High levels of liquidity and continued solid growth in the domestic economy are feeding into the Philippines’ retail sector, with sales rising on a tide of improving consumer sentiment. However, the central bank could move to take some of the heat out of the market in an effort to counter the creeping inflation fuelled by supply side pressures.
According to the latest Bangko Sentral ng Pilipinas (BSP) consumer expectations survey released in mid-June, the confidence index rose 1.5 points in the second quarter. Although the index was still in negative territory (-17%), the figure suggests that shoppers will be more willing to make purchases.
A number of factors contributed to the rise. According to Rosabel B. Guerrero, director of the BSP’s Department of Economic Statistics, “Respondents attributed their more favourable outlook to the availability of jobs as well as an increase in the number of employed family members, increasing family income due to higher salary, strong business activity and better harvest.”
Also supporting retail spending was the rise in remittances from Filipinos overseas. Cash transfers from workers abroad rose 5.2% in April, to $1.9bn for the month, according to data issued by the BSP on June 16, taking the January to April total to $7.4bn. The bank has forecast that 2014 remittances will break last year’s record of about $23bn by 5%, making more funds available for consumer outlays.
Rate rise could cool sales
Growing consumer demand, while supporting sales, is also driving inflation. Price increases reached a two-and-a-half-year high in May, rising to 4.5% year-on-year from 4.1% in April, with bubbling consumer demand cited as one factor stoking inflationary fires. The May figure was near the top end of the BSP’s forecast of 3.9-4.7%
The steady rise in consumer inflation could prompt the BSP to raise its key rates at least once before the end of the year. This could put a brake on retail spending, particularly the component funded by bank credit, and also reduce the disposable incomes of consumers who have other loans outstanding. The bank has already moved to drain some of the liquidity out of the financial markets, raising the reserve requirement ratios for universal, commercial and thrift banks by 1% at the end of May, thus reducing the amounts available for lending.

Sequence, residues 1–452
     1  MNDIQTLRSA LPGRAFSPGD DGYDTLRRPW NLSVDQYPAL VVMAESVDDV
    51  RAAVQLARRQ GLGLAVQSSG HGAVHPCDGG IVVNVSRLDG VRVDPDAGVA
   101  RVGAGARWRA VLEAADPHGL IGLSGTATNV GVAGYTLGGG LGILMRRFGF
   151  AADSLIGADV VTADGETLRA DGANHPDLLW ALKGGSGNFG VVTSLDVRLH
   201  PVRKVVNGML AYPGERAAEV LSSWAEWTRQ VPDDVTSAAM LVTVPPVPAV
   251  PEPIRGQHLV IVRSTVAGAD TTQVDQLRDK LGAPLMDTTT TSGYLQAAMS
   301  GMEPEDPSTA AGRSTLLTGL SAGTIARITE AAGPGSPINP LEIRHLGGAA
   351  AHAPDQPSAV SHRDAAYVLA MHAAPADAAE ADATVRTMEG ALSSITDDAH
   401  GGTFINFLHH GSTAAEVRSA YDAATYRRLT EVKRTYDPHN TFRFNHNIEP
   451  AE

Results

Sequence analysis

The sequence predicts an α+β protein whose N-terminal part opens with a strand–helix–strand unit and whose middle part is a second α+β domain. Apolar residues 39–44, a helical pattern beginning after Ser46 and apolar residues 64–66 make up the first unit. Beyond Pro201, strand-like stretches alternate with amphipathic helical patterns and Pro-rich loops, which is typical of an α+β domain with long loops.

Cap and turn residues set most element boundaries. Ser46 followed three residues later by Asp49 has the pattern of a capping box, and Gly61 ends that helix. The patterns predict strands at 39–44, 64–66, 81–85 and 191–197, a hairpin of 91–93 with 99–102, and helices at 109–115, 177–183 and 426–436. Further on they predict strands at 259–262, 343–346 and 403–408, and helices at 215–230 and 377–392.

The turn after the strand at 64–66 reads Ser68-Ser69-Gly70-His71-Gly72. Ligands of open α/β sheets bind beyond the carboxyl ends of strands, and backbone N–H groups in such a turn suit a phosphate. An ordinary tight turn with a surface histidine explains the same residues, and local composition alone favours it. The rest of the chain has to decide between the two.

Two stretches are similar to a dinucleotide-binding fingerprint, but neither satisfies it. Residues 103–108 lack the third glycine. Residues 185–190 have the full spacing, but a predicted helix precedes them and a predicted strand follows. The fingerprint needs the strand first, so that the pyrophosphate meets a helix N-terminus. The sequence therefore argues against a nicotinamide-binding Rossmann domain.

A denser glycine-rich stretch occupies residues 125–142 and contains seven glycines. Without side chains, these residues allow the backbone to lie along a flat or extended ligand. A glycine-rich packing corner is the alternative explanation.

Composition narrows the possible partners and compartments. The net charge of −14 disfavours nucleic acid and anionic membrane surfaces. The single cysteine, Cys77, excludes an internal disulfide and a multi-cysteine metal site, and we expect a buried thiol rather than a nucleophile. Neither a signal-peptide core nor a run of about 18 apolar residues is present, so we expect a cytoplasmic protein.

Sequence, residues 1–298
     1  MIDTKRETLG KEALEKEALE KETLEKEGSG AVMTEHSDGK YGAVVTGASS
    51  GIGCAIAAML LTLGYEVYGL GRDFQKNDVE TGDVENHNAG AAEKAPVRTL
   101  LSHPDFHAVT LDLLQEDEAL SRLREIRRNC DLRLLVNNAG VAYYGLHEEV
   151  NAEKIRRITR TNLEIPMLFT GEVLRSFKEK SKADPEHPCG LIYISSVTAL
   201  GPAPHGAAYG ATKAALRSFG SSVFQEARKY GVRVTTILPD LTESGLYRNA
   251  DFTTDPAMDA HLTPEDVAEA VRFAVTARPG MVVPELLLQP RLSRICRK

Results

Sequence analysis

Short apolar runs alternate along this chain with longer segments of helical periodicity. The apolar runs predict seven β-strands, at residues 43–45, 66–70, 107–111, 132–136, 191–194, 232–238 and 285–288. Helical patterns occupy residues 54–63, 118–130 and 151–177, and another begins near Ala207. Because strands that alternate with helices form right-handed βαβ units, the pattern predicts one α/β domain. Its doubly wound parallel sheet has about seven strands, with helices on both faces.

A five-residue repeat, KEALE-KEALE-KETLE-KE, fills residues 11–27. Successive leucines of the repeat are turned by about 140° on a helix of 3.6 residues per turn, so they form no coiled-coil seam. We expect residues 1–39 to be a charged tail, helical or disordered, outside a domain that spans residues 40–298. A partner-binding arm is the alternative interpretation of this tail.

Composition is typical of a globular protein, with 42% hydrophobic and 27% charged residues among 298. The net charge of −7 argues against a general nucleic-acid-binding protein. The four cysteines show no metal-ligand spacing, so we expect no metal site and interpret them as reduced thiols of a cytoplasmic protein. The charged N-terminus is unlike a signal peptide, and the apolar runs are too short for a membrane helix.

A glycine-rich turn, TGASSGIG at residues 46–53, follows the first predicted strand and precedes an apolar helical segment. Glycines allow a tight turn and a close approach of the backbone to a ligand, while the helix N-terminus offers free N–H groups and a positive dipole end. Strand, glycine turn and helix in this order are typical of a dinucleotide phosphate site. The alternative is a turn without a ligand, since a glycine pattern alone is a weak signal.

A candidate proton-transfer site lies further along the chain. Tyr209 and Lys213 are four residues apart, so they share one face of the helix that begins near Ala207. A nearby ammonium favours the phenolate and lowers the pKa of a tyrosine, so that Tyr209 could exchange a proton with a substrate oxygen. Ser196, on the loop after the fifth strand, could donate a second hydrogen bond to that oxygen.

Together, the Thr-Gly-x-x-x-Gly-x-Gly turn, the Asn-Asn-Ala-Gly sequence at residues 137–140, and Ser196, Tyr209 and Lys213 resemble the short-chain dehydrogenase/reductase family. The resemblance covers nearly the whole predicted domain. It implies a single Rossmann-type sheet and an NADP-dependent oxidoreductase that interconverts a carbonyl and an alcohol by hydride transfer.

Retail growth outside the capital
A recent report by global bank HSBC highlighted strong growth in the Philippines retail sector, bolstered by solid domestic consumption and buoyant consumer sentiment amid a weakening environment for equities. “Modern retail formats like convenience stores and hypermarkets that are growing from a low base have substantial multi-year growth potential,” said Herald van der Linde, the report’s author and HSBC’s head of equity strategy for the Asia Pacific region.
Retail mall development is also expected to grow in the coming years, spurred by rising demand and the low starting point to which van der Linde refers. The Philippines had 13m sq metres of retail space in shopping malls at the beginning of 2014, more than half concentrated in Metro Manila, according to a report in May by international real estate firm Jones Lang LaSalle. But as new projects go up in and around the capital, regional mall space is expected to draw level with that in Manila by 2015, with a total of 1.4m sq metres of retail space to be added, the result of ramped up building development and growing demand in provincial areas.
Regions such as Cebu, Davao, Cavite and Pampanga have lower per capita retail floor space than Manila, hence there are positive investment opportunities for developers and retailers outside the capital, as rising wages and disposable incomes translate into sales potential.
With many analysts forecasting the Philippines economy to maintain growth of 6% or more this year, with similar growth in 2015, prospects should remain bright for the country’s retailers, despite a possible tightening of monetary policy from the BSP.
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